Five go Drinking in the Underworld

If Enid Blyton had written The Seafarer (reviews here) I’m pretty sure that is the title she would have come up with.

200px-Scotland_relief_location_mapOne time I was involved in a World War 1 play. The set was an abstract of sand bags and scaffolding and we were invited to play at the St. Magnus Festival on The Orkney Islands north of the northern tip of Scotland across the Pentland Firth, one of the most treacherous stretches of water in the navigable seas.

We drove a van up the length of Britain from London to Thurso all through the night, and at an early hour before the sun came up one of the company filled the gas tank with diesel, not petrol, and we came to a full stop on a lonely road just about dawn. The highway services came to our rescue but we lost 2 hours in the confusion.

We reached Thurso (as far north-east as you can go in Scotland) to see the ferry which we had booked to take our set and costumes steaming out of the harbour.

What was to be done?

Our entrepreneurial assistant director was off round the moorings and he cut a deal with a fisherman to take us and our sandbags and scaffolding across the Pentland Firth in an open boat. The fee was £50, and “all the beer I can drink”.

Fortunately word of this madness reached the harbour-master and he immediately put a stop to it, otherwise I would be writing this from the sea-bed. We were able to re-book our berths on the next ferry but logistics meant there was no room for our set. So we abandoned the aforementioned scaffolding and sandbags (which we had transported the length of the country), repacked our costumes into suitcases and, catching the next ferry, gave our performance in the Festival on time.

Every now and there’s a stand out gig in an actor’s progress (to say career would be too loose a use of that word). The Seafarer was such a one for me.  Great role, great cast (yes, the five who go drinking, ah lads…), great company – the Irish Rep, a brilliant triumph, as all theatres are, of the improbable over the impossible. Huge thanks and kudos to Charlotte Moore and Ciaran O’ Reilly, co-founders, and to all who work there.


Mick Mellamphy as Ivan, Colin McPhillamy as Richard in

The Seafarer at The Irish Rep. Photo Carol Rosegg

Tangentially and speaking of the sea and of ferries… I’m delighted to say that in September I will join the company of The Ferryman, a London transfer to Broadway. In a later blog I will disclose details of the patentable Mick Mellamphy Magical Method which assisted me to this forthcoming gig.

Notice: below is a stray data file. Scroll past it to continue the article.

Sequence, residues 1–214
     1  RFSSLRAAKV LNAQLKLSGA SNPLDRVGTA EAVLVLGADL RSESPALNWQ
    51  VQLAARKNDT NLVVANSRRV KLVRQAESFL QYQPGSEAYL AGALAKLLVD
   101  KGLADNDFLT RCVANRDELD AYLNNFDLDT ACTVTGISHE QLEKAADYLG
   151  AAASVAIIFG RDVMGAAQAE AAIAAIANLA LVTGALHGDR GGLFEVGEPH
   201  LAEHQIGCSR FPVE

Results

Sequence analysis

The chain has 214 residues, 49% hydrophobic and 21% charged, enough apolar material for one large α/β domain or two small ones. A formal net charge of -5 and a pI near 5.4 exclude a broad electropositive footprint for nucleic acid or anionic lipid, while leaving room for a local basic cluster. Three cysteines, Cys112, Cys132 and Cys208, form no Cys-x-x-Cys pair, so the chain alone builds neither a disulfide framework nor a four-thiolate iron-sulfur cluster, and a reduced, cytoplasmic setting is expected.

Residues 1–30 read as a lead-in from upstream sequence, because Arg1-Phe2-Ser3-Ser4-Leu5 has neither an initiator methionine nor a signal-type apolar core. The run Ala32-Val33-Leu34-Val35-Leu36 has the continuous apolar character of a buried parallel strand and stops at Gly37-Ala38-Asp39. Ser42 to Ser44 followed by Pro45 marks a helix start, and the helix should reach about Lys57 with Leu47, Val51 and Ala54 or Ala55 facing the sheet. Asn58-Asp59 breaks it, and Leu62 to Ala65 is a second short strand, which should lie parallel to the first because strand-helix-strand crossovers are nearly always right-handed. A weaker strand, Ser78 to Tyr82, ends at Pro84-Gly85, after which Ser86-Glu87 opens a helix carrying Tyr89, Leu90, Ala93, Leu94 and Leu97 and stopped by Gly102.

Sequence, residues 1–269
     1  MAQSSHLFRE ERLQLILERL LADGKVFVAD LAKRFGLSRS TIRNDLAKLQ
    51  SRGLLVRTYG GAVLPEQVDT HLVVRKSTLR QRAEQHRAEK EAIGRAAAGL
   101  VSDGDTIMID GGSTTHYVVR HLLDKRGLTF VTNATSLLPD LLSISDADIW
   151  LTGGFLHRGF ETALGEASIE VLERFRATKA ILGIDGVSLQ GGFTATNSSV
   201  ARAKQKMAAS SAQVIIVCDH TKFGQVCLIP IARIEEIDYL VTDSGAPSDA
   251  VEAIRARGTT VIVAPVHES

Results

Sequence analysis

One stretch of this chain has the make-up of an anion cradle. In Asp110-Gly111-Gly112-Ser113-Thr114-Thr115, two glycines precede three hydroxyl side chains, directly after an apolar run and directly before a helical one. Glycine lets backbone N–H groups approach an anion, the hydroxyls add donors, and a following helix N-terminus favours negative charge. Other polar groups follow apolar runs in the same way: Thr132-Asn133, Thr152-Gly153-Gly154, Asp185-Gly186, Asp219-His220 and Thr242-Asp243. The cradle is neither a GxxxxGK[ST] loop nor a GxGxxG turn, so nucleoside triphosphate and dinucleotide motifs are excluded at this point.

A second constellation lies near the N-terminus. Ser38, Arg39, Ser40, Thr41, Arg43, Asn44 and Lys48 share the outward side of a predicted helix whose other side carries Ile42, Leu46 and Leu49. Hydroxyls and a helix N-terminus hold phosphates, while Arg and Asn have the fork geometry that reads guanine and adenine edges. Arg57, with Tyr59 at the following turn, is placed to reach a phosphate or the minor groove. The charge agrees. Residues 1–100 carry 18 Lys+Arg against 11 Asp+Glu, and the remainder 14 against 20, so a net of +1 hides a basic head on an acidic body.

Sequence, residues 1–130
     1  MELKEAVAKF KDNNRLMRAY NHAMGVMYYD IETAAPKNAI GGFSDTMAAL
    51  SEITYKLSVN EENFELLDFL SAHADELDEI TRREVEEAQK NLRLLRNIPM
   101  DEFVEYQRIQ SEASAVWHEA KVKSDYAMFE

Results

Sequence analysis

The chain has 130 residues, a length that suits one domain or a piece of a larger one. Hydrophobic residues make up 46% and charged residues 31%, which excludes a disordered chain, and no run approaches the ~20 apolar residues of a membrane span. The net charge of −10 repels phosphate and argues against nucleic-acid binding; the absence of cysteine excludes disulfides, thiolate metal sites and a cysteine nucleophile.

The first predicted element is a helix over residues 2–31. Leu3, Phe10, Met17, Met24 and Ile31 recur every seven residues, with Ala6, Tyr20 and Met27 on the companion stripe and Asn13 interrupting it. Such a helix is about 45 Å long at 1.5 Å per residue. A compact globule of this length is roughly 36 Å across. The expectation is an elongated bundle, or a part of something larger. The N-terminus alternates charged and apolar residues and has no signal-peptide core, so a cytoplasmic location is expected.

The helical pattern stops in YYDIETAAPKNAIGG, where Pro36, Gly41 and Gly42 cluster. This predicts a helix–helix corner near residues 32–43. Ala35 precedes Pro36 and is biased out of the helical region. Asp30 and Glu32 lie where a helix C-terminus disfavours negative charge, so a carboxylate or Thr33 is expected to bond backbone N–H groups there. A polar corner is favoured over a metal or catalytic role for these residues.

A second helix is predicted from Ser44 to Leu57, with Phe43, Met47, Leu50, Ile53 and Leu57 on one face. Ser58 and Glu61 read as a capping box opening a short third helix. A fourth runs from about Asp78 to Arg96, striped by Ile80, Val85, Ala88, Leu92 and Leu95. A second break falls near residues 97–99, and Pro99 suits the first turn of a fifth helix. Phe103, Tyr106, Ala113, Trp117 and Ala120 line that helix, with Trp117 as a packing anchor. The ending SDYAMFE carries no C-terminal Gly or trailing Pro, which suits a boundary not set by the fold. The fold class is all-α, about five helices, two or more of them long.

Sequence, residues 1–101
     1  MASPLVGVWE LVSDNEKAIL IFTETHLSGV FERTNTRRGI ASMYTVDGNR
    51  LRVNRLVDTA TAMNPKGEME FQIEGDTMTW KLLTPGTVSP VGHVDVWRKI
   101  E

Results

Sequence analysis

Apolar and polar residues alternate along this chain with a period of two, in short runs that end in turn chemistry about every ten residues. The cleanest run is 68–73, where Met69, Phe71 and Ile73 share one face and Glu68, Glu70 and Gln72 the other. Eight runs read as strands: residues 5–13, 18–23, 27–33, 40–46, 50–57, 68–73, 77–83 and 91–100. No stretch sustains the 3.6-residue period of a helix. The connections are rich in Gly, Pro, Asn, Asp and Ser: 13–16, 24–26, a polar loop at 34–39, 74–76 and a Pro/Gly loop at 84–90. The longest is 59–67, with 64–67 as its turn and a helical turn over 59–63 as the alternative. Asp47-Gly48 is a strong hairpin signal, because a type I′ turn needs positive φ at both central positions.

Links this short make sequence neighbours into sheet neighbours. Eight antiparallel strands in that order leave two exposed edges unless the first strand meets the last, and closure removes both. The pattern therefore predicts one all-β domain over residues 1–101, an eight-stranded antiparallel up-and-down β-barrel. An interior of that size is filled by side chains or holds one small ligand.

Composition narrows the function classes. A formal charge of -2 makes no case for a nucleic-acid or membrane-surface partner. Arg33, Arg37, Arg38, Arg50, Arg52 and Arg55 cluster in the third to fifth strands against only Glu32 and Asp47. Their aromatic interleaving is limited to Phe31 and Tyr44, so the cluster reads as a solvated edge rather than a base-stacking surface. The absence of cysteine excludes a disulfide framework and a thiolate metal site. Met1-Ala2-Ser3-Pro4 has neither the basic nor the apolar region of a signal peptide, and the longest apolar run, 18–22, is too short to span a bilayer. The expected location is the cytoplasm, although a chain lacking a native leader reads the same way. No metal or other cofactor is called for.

Big thanks too, to Carol Brennan  who writes pacey, spicy crime fiction, for letting me crash on the sofa bed in the funky East Village when the commute got out of hand!

Next stop far north-eastern Maine and the Bagaduce Theatre – as far north-east as you can go without hitting Canada and New Brunswick where my maternal great-grandmother was born and at a young age in her early adult life as an actress sailed to Australia under a seven year contract to J C Williamson, theatrical producer, but that’s another story.



16 replies on “Five go Drinking in the Underworld”

I recall a day in the fifties when Enid Blyton was banned from my primary school library – something to do with Noddy’s flagrant disregard of Mr Plods police authoritarianism..


Hi Colin,

Congratulations on the excellence of your memory. I wasn’t in that van you describe, though I could easily have been as it was transporting my production of Allan Cubitt’s first ever play (and what a career he went on to have, Emmy-laden and all that!), but I well remember the vivid descriptions you gave of the whole, crazy experience.

And congratulations on getting The Ferryman gig. I saw it in London. What a wonderful play it is! You will have a ball.

Much love,


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Well from one Richard to the other…I get it all Colin. I played him at the Abbey in 2008 and 2010…then played him again like a slippery fish in Sydney and had the nerve to direct as well Richard never leave the phyche.
Maeliosa x

Lovely piece. Colin. Two things mate. 1. It was a joy and a pleasure spending the past few months Seafaring with you my friend. 2. The Mick Mellamphy magical method only works on the most gifted of Actors. Can’t wait to meet and work with you again my friend.

You were both a pleasure to work with. I miss you guys already. I do hope our paths cross again.

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